The cost of not communicating: How Whispir’s tailored messaging tech lifts engagement
While it is common for businesses to haggle with suppliers over small price differences to save money over the longer term, the cost of not communicating effectively – be it financial, reputational, or cultural – is more often overlooked.
But in an age of digital overload and market disruptions that frequently lead to sporadic, improvised communications in response to urgent challenges, Software as a Service (SaaS) company Whispir (ASX: WSP) strives to give businesses more structure in their messaging, reflective of their values in a way that can also add value.
Whispir senior account executive Hilary Harrington (pictured) says clients from a range of industries and sizes, from startups to health services to retailers to government, are increasingly becoming cognisant of the benefits of automated communications solutions.
Nonetheless, many managers are so bogged down in the status quo of their operations that they don’t realise the cost of poor communication, both externally and internally.
“Often we hear businesses talking about cost in a really narrow way, where they tell me they’ve spent weeks or months negotiating with some vendors over less than a cent per message,” Harrington says.
“But what they should be talking about is the cost of not messaging at all, or not messaging in the right way.”
She highlights appointment reminders as a simple example, aimed at avoiding no-shows or late-arrivals.
“Let’s say an optometry chain decides to go with the cheapest provider, saving them $1,000 per month. If the messages are delayed or the content isn’t great, they become obsolete,” she says.
“It’s the flow on effect that people forget, like the optometrist’s hourly rate when they’re sitting there with no patient, or the follow up appointment that wasn’t booked and the pairs of glasses that weren’t sold.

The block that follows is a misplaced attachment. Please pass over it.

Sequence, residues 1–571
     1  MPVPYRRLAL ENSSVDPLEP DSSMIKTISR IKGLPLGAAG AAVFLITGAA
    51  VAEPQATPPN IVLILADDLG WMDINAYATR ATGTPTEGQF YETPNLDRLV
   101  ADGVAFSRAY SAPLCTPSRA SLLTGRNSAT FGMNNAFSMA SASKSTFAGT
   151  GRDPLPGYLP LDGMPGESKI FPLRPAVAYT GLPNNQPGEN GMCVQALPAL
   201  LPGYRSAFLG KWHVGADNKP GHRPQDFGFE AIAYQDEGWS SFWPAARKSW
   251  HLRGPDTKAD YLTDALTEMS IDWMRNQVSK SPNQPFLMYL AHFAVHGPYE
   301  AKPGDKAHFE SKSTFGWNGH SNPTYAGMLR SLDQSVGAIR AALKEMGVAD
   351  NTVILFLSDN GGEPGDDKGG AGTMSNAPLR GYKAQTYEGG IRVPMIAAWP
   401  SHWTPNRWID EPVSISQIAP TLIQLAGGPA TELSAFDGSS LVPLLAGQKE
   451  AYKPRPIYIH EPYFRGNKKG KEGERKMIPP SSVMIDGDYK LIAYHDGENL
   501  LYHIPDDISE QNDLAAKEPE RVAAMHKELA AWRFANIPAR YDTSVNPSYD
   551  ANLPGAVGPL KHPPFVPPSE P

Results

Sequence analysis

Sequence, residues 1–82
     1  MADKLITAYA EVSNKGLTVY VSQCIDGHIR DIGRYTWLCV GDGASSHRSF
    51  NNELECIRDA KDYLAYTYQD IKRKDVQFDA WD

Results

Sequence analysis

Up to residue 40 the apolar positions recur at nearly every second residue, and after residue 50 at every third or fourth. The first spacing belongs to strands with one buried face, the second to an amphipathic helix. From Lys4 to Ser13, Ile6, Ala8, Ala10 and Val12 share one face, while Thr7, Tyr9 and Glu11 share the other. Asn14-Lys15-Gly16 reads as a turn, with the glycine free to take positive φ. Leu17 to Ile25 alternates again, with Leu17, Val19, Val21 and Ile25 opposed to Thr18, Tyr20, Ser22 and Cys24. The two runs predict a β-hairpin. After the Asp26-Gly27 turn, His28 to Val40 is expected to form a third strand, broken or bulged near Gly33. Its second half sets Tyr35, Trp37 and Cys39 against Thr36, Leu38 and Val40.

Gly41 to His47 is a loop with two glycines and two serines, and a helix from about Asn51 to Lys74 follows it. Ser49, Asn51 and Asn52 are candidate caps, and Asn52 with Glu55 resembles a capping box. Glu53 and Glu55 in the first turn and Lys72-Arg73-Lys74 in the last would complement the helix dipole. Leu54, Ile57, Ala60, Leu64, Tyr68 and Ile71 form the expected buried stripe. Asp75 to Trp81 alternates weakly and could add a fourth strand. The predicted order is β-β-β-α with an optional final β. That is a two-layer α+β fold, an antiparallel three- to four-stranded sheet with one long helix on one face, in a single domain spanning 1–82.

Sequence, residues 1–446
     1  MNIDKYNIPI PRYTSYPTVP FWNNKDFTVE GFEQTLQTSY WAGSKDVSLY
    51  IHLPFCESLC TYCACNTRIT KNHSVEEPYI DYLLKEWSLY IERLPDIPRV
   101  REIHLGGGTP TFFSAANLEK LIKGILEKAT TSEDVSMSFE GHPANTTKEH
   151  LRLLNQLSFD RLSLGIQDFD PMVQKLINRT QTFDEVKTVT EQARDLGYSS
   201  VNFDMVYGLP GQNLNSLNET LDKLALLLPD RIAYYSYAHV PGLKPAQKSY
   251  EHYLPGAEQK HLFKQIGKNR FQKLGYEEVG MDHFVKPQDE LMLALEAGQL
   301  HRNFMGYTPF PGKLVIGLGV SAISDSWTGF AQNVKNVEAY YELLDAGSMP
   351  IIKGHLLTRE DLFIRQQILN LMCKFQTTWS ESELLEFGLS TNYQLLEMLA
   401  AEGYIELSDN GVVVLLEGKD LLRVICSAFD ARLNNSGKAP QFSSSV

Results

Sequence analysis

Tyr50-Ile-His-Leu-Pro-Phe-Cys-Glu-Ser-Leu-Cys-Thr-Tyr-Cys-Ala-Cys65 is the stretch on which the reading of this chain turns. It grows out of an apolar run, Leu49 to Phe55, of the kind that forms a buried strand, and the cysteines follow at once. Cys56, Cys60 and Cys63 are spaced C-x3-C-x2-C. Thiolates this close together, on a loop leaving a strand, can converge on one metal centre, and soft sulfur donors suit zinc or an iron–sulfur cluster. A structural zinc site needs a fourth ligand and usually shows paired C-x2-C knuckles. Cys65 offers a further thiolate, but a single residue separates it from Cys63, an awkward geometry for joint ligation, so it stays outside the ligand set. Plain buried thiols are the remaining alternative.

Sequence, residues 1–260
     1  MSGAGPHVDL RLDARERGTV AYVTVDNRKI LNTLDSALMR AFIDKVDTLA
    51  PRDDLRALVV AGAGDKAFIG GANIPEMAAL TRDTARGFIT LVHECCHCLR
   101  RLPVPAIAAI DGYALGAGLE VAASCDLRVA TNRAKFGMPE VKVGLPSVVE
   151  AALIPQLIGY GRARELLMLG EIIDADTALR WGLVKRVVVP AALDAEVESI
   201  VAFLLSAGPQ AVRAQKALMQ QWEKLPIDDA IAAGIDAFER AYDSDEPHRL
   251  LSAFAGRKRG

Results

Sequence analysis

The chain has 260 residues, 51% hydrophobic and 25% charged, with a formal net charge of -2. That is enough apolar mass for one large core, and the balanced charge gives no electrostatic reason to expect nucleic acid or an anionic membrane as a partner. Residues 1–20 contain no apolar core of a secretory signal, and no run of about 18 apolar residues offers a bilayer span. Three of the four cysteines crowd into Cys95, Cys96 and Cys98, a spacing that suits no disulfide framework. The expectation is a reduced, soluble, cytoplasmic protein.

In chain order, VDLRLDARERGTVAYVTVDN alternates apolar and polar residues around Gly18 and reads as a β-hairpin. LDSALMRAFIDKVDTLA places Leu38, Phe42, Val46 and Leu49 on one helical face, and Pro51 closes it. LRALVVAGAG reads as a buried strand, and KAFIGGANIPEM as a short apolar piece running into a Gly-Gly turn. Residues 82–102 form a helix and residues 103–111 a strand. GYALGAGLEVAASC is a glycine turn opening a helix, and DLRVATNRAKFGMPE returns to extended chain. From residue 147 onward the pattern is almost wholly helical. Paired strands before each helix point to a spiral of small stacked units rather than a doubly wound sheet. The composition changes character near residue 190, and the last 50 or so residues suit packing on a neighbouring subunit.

She says there are similar problems across most industries, with compounding costs that can flow through the supply chain.
“In the same vein for ICT, if you don't get a critical IT alert to the right person by the right channel, even if it’s at 3am, their operations could be compromised,” Harrington notes.
“Continuing along that line of thinking, one that’s actually surprising is rostering across all industries – if you don’t get your last-minute shift fill messages delivered, it could be that people can’t get critical truck drivers, and then deliveries will be delayed by a day and the warehouse gets backed up.”
Even though plenty of businesses have rostering tools, Harrington says when shifts aren’t filled and it’s urgent, people tend to revert to “just calling everyone”.
“We see it at huge organisations. They just start ringing around, asking ‘can you do it?’ ‘No.’ ‘Can you do it?’ ‘No.’ Or they send an email out to everyone, and when one person replies and can do the shift, then they have to handle the replies from everyone else.”
Communications to address pandemic pains and crises
These kinds of organisational problems have been exacerbated by the pandemic, with companies having to adapt their communications to suit a remote workforce and ever-changing regulations.